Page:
Rubber Gas Boots May Be A Thing Of The Past Soon

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ST. LOUIS, MO. (KTVI) - Drivers may soon be celebrating big changes at St. Louis area gas pumps that may make them nearly as happy as would $2 gas.  

St. Louis may finally be able say "so long" to those rubber "boots" on gas nozzles.  
They're been around for 25 years, but only in St. Louis City and the 4 surrounding Missouri counties.  The devices are meant to improve air quality.  But it's a pain to get them into a car`s gas tank just right, so you can actually pump gas.

By next summer, St. Louis drivers may not have to mess with them anymore.  It`s hardly been a stellar summer for air quality in St. Louis; with the air considered 'unhealthy' for those with breathing issues in at least part of the area for 16 days, in July alone.

Even so, the days of those funky nozzle covers may be about to end.  

'I`m from Kansas City, MO,' said DeAngela Morgan, who noticed the difference at St. Louis pumps right away.  'Once I got here, I was like, `what the heck is this?`'

'It does click off a lot,' said driver, Kim Hawkins, noting the propensity of the 'boots' to shut off the nozzle repeatedly during fill-ups.  'It takes a long time to push in, to get it to fit, so you don`t have to keep holding it.'

'It does click off a lot.  It makes if frustrating when you`re in a hurry and it just keeps clicking off, and off, and off, and you`re like, `I just need to get my gas,`' laughed driver, Shelly Boyer.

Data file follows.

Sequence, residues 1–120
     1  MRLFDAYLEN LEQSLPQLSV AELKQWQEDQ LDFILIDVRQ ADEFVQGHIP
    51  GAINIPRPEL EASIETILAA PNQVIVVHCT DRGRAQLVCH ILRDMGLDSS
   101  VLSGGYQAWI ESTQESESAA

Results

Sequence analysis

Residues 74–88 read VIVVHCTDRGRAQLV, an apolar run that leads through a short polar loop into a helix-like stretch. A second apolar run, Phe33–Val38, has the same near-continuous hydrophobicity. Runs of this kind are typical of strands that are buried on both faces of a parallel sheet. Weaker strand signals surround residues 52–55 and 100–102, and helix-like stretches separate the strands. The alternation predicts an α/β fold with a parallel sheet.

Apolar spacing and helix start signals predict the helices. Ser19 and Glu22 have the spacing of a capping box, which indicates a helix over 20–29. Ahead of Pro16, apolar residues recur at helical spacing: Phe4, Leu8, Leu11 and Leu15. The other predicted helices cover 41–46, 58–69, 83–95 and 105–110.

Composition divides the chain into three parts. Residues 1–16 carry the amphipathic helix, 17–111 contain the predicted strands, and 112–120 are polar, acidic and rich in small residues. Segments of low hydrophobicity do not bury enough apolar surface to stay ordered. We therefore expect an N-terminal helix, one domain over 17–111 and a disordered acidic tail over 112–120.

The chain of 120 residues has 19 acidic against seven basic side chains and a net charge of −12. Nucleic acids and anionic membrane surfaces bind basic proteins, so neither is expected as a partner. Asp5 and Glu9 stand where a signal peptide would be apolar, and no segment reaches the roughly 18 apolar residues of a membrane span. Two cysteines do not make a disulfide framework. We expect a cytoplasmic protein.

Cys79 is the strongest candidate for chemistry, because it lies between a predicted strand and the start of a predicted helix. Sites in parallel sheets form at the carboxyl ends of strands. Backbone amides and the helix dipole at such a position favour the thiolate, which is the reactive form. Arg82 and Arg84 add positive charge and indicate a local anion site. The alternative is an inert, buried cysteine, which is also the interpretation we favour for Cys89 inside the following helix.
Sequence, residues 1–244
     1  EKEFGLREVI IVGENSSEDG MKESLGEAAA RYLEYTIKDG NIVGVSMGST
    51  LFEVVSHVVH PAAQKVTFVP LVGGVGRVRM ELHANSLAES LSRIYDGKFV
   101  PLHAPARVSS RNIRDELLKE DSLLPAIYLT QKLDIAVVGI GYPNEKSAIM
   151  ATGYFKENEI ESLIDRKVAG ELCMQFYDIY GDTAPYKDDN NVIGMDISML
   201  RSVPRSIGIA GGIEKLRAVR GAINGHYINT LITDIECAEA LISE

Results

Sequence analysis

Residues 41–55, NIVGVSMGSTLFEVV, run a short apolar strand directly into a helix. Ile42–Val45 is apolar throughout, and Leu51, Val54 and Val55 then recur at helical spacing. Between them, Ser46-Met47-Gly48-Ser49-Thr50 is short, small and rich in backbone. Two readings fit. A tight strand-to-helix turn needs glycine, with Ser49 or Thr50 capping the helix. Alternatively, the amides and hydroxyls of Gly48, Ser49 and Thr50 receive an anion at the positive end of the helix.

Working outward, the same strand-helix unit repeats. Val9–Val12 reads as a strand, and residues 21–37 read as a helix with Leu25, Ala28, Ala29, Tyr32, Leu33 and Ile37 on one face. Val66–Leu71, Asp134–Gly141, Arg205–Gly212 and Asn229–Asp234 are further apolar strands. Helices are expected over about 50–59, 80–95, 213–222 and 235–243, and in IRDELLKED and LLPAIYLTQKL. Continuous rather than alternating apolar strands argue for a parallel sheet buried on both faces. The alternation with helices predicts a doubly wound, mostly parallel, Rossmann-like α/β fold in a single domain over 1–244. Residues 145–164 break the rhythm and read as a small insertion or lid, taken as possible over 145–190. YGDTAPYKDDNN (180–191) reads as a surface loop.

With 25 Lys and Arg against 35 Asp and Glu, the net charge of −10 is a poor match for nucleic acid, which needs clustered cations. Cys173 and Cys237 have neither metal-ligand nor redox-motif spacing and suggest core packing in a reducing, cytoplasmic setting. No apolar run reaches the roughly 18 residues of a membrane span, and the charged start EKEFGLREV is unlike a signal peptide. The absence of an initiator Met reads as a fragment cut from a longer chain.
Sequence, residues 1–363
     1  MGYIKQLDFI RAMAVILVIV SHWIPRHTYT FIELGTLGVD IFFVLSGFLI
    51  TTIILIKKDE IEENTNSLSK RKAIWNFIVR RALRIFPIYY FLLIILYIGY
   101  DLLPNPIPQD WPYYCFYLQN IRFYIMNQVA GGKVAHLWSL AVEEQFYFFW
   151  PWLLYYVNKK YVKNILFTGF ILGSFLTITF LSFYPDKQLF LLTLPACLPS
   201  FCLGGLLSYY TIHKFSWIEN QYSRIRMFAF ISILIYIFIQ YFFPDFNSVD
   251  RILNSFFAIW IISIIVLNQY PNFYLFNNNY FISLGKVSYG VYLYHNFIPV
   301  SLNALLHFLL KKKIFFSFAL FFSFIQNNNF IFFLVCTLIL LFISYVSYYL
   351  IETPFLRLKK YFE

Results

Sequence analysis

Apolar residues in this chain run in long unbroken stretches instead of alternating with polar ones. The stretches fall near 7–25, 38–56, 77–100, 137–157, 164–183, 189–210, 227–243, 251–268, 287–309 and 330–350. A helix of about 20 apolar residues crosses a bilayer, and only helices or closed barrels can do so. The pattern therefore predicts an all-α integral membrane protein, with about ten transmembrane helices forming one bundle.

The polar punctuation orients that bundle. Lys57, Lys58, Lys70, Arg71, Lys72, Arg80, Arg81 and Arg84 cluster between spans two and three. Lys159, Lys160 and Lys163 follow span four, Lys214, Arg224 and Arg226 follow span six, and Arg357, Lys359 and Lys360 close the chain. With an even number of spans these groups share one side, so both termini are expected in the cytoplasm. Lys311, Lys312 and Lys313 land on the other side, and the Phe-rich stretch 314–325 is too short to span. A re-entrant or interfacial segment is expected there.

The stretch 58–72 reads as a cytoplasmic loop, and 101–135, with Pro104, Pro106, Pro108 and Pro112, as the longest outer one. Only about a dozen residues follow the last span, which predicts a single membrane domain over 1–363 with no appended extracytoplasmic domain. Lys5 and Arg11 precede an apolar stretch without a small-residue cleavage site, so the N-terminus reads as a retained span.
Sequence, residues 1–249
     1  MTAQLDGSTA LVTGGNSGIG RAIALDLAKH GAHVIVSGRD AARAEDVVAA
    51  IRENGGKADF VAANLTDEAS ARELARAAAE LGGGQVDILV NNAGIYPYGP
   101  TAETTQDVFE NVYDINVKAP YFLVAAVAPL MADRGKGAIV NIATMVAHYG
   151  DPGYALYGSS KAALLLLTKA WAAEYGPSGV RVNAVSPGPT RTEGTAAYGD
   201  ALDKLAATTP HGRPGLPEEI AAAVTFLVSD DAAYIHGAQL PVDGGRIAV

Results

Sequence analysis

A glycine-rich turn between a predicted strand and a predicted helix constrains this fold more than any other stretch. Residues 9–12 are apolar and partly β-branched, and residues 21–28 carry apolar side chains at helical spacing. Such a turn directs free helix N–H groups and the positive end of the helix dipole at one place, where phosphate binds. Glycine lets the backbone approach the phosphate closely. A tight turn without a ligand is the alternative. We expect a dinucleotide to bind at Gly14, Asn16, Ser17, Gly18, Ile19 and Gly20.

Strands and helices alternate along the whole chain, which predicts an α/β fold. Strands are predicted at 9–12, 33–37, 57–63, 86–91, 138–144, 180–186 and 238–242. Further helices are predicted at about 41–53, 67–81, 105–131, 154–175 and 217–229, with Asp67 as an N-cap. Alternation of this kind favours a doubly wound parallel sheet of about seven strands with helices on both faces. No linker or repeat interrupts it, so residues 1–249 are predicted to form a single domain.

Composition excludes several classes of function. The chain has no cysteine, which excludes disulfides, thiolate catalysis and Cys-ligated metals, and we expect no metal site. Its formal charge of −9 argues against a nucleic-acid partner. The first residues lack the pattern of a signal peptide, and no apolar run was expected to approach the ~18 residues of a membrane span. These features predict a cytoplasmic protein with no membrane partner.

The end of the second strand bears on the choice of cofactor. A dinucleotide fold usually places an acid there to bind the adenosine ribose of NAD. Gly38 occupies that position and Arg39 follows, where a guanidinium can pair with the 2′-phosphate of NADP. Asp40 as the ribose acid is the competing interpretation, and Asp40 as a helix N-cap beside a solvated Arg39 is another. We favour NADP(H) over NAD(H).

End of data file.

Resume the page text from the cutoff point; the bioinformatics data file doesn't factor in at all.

'Sometimes it pops out, you have to stick it back in again.  It`s not that big of a deal but you do have to watch it because it will all of the sudden pop out on you,' added driver, Carl /Gholston.  

The boots trap vapors released when you gas up.  But the system also includes special gas hoses along with equipment under the gas pumps.  

The vapors which contribute to smog.  

But the head of the Missouri Petroleum Marketers and Convenience Store Association said newer cars from the early 1990`s-on, had made the nozzle boot-systems obsolete.

Plus, he said the systems were expensive, costing station owners $10,000-$15,000 per station.  and QT alone has 63 Missouri stations in the St. Louis.  A spokesman said with 625 QT stores in 11 states, St. Louis was the only market with the added expense.  

'It`s expensive for small business owners to put in that equipment and to constantly maintain and test the equipment,' said Ron Leone, the Executive Director of the MO Petroleum Marketers and Convenience Store Association. 'Now that most cars have that equipment built into their car tanks themselves, it`s no longer needed.'

'What took you guys so long ?' Morgan laughed.

The EPA will allow the Missouri Department of Natural Resources to remove the boots, but only if the state can come up with a technical demonstration to show doing so will not hurt our air quality.  

Leone said it`d like be 12-18 months before St. Louis saw the last of the boots.

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